Having discovered that he is invisible to the white world after repeated attempts to have his own reality acknowledged, Ellison's narrator retreats beneath the streets of New York. There he notes that in being invisible he is able to "see around corners" and find an understanding of his own identity.
This identity is a result of his improvising with the basic principles of the nation and the hopelessness in which he exists. As he continues his narration, the invisible man reflects upon the various individuals that he has met, people of differing races and backgrounds, who have applied the nation's principles in a variety of ways. All of these attempts, however, have come up short because as Ellison's IM says,
They were...attempting to force his picture of reality of me....I was simply a material, a natural resource to that of Jack and the Brotherhoob, and it all came out the same--except I now recognized my invisibility.
Then, in an experimental way, much like the improvisation of jazz, the narrator arrives at an identity with the aid of Reverend Hickman who tells him, "There's no logic to it or its [the nation's founder's] ways. There is a gap between what is on paper and what exists in society. After gaining this knowledge, the narrator reaches an authentic moment and realizes that the only way to be free is to live as though he were free. Improvise. From his grandfather he learns to express himself in a way that reminds white America of the humanity of the black man, not as a race but as an individual since, afterall, the Constitution was written about the rights of the individual.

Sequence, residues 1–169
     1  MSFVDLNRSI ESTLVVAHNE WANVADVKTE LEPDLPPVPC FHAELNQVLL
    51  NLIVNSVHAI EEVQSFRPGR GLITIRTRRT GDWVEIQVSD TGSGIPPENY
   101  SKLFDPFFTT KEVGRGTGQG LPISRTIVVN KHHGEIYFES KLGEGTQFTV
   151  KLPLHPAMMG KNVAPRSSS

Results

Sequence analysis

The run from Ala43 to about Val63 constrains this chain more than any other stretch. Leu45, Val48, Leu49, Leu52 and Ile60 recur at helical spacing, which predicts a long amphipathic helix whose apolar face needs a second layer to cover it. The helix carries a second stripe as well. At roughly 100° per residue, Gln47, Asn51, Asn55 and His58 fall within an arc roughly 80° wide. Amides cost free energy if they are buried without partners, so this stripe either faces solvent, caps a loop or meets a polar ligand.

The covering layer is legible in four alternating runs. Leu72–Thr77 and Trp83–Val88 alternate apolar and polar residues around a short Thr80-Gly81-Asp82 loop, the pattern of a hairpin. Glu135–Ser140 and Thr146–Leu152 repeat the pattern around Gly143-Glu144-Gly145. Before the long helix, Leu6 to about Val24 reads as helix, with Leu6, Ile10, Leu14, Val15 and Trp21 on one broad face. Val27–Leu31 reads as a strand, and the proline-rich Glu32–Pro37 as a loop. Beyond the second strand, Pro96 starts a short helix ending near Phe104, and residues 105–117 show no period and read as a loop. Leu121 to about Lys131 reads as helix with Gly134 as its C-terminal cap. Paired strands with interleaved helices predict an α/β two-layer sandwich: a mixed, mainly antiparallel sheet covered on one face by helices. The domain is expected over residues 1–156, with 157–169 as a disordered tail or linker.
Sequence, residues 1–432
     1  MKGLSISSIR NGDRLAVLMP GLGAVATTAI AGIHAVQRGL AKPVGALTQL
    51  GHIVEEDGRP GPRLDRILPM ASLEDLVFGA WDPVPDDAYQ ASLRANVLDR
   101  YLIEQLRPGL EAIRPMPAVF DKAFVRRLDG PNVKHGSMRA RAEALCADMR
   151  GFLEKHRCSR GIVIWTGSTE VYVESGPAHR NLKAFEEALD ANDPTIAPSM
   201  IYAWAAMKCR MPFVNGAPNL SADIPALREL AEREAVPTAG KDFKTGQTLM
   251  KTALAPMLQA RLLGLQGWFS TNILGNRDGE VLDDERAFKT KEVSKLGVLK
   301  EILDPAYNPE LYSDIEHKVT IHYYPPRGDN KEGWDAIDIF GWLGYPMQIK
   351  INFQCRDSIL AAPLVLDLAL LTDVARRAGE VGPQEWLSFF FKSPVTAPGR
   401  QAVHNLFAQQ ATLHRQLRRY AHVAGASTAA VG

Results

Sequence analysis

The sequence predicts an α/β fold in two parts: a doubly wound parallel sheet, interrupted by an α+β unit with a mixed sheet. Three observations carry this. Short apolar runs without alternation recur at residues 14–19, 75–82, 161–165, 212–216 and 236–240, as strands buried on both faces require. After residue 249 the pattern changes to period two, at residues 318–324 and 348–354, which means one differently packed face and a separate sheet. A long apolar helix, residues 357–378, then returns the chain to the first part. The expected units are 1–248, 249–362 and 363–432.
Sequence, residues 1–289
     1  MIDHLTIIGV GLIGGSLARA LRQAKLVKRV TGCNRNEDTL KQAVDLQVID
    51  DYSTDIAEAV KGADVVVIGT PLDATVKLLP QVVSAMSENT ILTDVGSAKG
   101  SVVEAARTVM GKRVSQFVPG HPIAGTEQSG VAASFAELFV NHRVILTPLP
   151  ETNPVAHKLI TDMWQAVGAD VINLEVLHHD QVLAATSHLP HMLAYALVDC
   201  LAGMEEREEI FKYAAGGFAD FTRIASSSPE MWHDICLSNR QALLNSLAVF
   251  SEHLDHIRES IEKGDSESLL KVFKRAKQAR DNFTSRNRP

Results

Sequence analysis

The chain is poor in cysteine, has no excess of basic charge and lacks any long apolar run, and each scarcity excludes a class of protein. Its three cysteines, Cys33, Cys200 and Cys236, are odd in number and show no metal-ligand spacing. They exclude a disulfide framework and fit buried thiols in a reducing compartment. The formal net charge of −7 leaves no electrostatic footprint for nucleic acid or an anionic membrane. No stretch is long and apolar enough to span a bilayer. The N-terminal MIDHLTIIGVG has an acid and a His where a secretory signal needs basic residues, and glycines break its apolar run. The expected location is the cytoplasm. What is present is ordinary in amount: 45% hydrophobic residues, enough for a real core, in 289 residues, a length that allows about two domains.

Still, as in improvisation, the narrator returns to the mode of the Prologue, which takes place inside his head. In his last chance to explain his life and choices, the narrator yet feels that he is invisible; he describes himself as being in "hibernation." Morever, he suggests that invisibility is universal.
The way that Ralph Ellison looked at improvisation was the way that Americans improvised a new way of life here. He said in part, “that they were improvising themselves into a nation, scraping together a conscious culture out of the various dialects, idioms, lingos, and methodologies of America’s diverse peoples and regions.” Different from the way we usually look at improvisation, he viewed it as combining different ways of life and different ways of speaking into one group. We see this in the Invisible Man as a black man struggles in a white community. He has to “improvise” his way, in some ways conforming to a new way of life while clinging to his known ways of life and combining them both. See link for entire quote and others.